ASET Colloquium; Tata Institute of Fundamental Research, June 10, 2005. The Square Kilometer Array:A global project in Radio Astronomy S. AnanthakrishnanNCRA-TIFR, Pune 411007
Radio astronomy has been crucial in discovering phenomena such as quasars, pulsars, superluminal motion and cosmic microwave background. • Using radio telescopes one canobserve synchrotron radiation, maser emissionas well as bremsstrahlung from thermal gas. • Radio waves penetrate dust / gas which absorbs & scatters in most other wavebands. • They provide Information on cosmic magnetic fields • Radio astronomy techniques provide the highest resolution images in all astronomy
Beck Thus Radio Astronomy provides unique information about the Universe • Non-thermal processes: quasars, radio galaxies, pulsars, masers... • Highest angular resolution: • VLBI • Penetrates dust and gas: Protostars Galactic nuclei • Tracer for Cosmic Magnetic fields
Large radio telescopes make discoveries! • Quasars and radio galaxies • Serendipity - 21cm HI line • Cosmological evolution of radio sources • Cosmic Microwave Background • Jets and super-luminal motions • Dark matter in spiral galaxies • Masers and megamasers - Mass of the blackhole in AGN NGC4258 • Pulsars - Gravitational radiation (pulsar timing) - First extra-solar planetary system
Radio Telescopes • Angular resolving power of a radio telescope is given by ~/D radians, where =wavelength and D is the aperture diameter. • To get arcsec resolutions, radio astronomers need a radio telescope which is a few hundred km in diameter! Since, this is not practical, the principle of radio interferometry is used, which is analogous to Michelson’s Optical interferometry.
The Ooty Radio Telescope Single frequency; = 92 cm
Earth Rotation Synthesis Radio Telescope As the Earth rotates, 2 antennas placed on the earth offer different projected baselines to a radio source in the sky. By combining many such baselines, one can synthesize a large aperture. Each pair of antennas functions like Young’s double slit, multiplying the sky brightness distribution by a sinusoidal response function. Thus, an interferometer measures one Fourier component of the radio image. N
Low cost 45-m diameter dish of GMRT achieved by a unique design ‘SMART’, which is Stretched Mesh Attached to Rope Truss.
SKA is the next major step in long-term advance of radio astronomy sensitivity.. VLA and GMRT are complementary but use 20th century technology. Need technology shift to progress !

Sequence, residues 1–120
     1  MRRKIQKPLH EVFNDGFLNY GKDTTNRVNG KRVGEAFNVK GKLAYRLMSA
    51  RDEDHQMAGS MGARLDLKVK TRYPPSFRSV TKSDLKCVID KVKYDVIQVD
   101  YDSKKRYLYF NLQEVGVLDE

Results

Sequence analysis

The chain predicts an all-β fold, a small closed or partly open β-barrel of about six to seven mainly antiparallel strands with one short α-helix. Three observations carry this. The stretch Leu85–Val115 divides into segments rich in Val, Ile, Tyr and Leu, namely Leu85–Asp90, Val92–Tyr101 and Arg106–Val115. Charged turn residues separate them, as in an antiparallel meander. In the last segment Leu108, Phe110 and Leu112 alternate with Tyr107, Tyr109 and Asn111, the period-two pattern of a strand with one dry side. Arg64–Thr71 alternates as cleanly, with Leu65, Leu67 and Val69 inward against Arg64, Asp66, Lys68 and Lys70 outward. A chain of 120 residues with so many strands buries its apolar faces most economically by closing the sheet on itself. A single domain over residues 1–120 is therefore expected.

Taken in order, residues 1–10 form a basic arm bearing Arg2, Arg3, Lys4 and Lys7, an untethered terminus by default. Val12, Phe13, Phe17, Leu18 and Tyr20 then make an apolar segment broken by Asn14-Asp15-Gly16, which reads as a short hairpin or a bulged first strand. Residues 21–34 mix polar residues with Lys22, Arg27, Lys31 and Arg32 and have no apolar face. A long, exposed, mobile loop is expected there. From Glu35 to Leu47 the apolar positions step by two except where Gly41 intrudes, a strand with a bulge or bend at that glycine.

~100x sensitivity of VLA ~1 square kilometre collecting area • study local galaxy dynamics in detail • detect galaxies at high redshift in HI and in synchrotron emission The original SKA vision: imaging galaxies in HI with <1” resolution NGC 4151 VLA 18 hours current state-of-the-art HI at 5 arcsec resolution (Image from Mundell et al.)
SKA’s basic specifications follow the original vision Huge change for radioastronomy • Sensitivity:50--100x VLA at same wavelength Brightness sensitivity ~1K • Frequency coverage: ~150 MHz to ~22 GHz Huge advantages for SKA • Field-of-view: >1 square degree • Max. Resolution: <0.1 arcsec to exceed • HST, NGST, ALMA It will become the world’s Premier Imaging Instrument !
…….. Specifications • Multibeam (at lower frequencies) • Need innovative design to reduce cost • International funding unlikely to exceed $1000m • 106 sq metre => $1000 / sq metre • cf VLA $10,000 / sq metre (50GHz) • GMRT $1,000 / sq metre (1GHz) • ATA $2,000/sq metre (11GHz)
Achieving the SKA vision… • Reduce overall cost per m2 of collecting area by a factor ~10 compared to current arrays While… • Maximising flexibility of design And… • Minimising maintenance/running costs Take advantage of massive industrial R&D in fibre optics and electronics industries (“Moore’s Law” to ~2015) for transport and handling of data Develop innovative new concepts for collectors
Phased array concept Basic idea: replace mechanicalpointing & beam forming by electronic means
Multi beams Element antenna pattern Station antenna patterns Synthesized beams 16 12 • Observing teams with their own beams • like particle accelerator, but can have all beams simultaneously 8 4